If you know me at all, you quickly learn I am a cheesy, tangible, sentimental guy. So as my son prepares to start kindergarten, I decided to plan a trip to commemorate his “rite of passage.” It was one of my best (both in terms of joy and significance) experiences as a parent to date.

Our schedule was fairly simple (though longer than necessary) for the four day, three night trip. Travel and camp by the family pond on day one. Catch a St. Louis Cardinals game on day two. See my alma mater, Union University, and do fun “guy stuff” on day three. Finally, visit the church of my college roommate and travel home on day four.

What follows are reflections (some playful; some serious) from the trip, written just as I have arrived home (pictures available on Facebook).

  • Do this with your kids! I would not trade the last four days for the world. We both arrived home with tears in our eyes.
  • Keep the biblical lessons you want to impart to a couple of key points that fit the child’s upcoming transition. We discussed Luke 2:40 and I Corinthians 10:13 on a couple of occasions for each passage. But don’t count on “before bedtime” as the best time to talk.
  • Prepare a picture album of the child’s life up to that age (thanks Gran). It makes the sense of life transition more real for both of you.
  • For younger kids life skills like pumping gas, ordering at a restaurant, checking into the hotel, or keeping up with the room key make “getting bigger” seem more real to them.
  • If you get the nachos supreme as your pre-game supper, then don’t try exploring the top of the stadium as your 2.5 hour rain delay entertainment tactic.
  • If you are going to do a rugged outdoor portion of the trip, put it in the beginning before you are getting tired and get used to having a continental breakfast.
  • Teach your children unique parts of your story if you can. Taking my son to the place I proposed to Sallie and to see my kindergarten classroom made for several good conversations.
  • Have fun! Fishing, getting an Aussie Cheesefry (he calls us the “high cholesterol boys”), swimming at the hotel pool, rolling pigs (hard to explain), and getting a late night ice cream cone gave the trip life.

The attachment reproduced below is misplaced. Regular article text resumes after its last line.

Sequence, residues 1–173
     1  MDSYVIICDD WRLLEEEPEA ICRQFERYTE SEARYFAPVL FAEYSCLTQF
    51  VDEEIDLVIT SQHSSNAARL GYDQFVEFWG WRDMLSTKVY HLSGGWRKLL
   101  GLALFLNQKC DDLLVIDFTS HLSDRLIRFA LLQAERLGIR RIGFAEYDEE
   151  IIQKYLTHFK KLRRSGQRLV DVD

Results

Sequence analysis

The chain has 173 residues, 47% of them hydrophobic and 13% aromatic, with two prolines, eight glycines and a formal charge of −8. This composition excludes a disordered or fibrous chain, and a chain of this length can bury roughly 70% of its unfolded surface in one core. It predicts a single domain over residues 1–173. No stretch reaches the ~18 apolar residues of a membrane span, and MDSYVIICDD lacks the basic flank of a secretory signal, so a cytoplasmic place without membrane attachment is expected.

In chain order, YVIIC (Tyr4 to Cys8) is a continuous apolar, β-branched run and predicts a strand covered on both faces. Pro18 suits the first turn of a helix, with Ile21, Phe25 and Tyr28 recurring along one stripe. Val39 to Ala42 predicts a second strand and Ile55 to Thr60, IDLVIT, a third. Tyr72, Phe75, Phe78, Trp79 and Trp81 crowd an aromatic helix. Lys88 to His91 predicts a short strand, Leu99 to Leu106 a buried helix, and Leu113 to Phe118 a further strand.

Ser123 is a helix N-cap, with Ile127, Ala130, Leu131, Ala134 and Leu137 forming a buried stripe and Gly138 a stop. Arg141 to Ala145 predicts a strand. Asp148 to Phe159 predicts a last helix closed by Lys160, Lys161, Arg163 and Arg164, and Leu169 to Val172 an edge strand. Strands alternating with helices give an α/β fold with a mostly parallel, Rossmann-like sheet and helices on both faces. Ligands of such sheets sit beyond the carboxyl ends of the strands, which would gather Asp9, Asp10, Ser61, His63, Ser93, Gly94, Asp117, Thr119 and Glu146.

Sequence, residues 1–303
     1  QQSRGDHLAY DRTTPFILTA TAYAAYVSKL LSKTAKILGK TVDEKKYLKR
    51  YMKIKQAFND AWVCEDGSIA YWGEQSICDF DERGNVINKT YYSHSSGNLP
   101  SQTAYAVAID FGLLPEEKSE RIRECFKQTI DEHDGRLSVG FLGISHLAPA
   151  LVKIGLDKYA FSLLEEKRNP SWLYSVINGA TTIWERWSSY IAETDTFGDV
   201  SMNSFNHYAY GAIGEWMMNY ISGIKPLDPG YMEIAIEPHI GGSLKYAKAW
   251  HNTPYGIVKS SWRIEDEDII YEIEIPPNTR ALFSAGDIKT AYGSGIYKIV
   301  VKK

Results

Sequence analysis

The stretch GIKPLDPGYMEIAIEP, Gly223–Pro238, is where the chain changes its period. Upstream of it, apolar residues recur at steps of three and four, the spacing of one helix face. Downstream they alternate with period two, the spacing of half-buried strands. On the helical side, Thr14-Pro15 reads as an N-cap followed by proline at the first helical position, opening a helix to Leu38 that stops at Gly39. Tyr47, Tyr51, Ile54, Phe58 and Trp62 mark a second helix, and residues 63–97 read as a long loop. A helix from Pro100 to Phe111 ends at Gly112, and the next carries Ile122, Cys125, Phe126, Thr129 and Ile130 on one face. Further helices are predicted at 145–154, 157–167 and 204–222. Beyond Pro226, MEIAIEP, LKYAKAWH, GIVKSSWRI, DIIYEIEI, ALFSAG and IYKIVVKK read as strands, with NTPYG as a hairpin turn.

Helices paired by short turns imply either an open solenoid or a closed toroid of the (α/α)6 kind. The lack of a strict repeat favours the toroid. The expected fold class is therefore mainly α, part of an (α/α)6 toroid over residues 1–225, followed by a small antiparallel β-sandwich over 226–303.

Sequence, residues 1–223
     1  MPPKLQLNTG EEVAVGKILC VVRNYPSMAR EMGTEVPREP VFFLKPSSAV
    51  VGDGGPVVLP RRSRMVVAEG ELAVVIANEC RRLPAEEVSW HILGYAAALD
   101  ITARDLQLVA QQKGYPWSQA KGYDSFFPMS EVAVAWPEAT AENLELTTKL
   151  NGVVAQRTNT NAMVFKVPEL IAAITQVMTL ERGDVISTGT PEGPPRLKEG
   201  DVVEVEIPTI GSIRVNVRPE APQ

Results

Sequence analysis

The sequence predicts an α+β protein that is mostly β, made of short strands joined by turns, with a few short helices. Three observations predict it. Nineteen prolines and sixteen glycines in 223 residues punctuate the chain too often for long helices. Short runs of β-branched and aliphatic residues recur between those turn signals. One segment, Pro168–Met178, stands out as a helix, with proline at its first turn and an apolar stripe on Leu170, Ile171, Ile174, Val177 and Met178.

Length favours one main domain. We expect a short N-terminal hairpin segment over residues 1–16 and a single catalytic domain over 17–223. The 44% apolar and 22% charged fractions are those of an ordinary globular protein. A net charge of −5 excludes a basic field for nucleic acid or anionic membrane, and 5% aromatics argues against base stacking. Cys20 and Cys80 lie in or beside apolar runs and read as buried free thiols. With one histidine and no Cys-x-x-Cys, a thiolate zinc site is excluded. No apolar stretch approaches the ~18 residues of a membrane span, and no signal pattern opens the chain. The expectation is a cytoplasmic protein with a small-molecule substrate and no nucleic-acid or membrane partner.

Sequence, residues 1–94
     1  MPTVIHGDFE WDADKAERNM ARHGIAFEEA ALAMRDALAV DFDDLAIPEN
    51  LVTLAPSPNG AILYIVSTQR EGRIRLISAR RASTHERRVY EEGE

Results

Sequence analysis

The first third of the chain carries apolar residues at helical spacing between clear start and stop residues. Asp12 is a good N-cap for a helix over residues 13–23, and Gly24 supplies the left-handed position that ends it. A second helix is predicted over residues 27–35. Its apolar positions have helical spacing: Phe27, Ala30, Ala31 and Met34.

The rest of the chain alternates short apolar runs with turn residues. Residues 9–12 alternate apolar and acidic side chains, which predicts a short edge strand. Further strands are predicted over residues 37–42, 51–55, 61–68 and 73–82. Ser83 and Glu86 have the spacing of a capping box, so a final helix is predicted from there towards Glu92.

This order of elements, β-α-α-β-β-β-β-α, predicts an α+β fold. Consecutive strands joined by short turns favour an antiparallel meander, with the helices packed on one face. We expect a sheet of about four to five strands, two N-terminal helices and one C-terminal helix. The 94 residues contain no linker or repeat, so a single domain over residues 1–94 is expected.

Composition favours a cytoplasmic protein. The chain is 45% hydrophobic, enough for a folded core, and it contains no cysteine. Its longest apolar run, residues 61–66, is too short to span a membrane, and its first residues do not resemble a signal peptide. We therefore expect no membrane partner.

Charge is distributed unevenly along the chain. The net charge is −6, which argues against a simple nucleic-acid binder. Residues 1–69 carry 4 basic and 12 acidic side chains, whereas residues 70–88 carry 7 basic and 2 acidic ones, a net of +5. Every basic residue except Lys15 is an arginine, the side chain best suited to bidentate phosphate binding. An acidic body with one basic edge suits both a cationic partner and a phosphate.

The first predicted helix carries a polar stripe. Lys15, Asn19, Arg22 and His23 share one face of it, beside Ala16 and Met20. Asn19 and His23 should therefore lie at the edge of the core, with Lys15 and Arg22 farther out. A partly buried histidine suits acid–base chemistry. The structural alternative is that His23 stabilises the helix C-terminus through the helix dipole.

• Pick something selfless for your child to do. Attending my college roommate’s church was not as exciting as the rest of the trip (for my son that is, sorry Lee). But asking my son to take pleasure in my joy as I did in his, and then to see him do that was a special mark of maturity and bonding.
  • Say “I love you” a lot.
  • As a working dad (papa), it is a rare thing to get 96 continuous hours with my children. What I learned in that block of time was unique even as compared to a family vacation.
  • Teach them to tell their story. Both the simple short story (I cannot tell you how many times we talked about him catching a turtle) and their life story (the picture album and travel time were a great time to review life).
  • Don’t forget the purpose of the trip when things get off schedule (types the compulsive schedule keeping papa). Nothing I had hoped to say or do but didn’t detracted from the purpose of spending four days concentrated on enjoying my son and preparing him for the next season of life God has for him.
  • Finally, regardless of time allotment or activity, find a meaningful way to make the life transitions of your children and bond with them during this time. It will do wonders to place all the “grown up stuff” you do in perspective.

If this post was beneficial for you, then considering reading other blogs from my “Favorite Posts on Parenting” post which address other facets of this subject.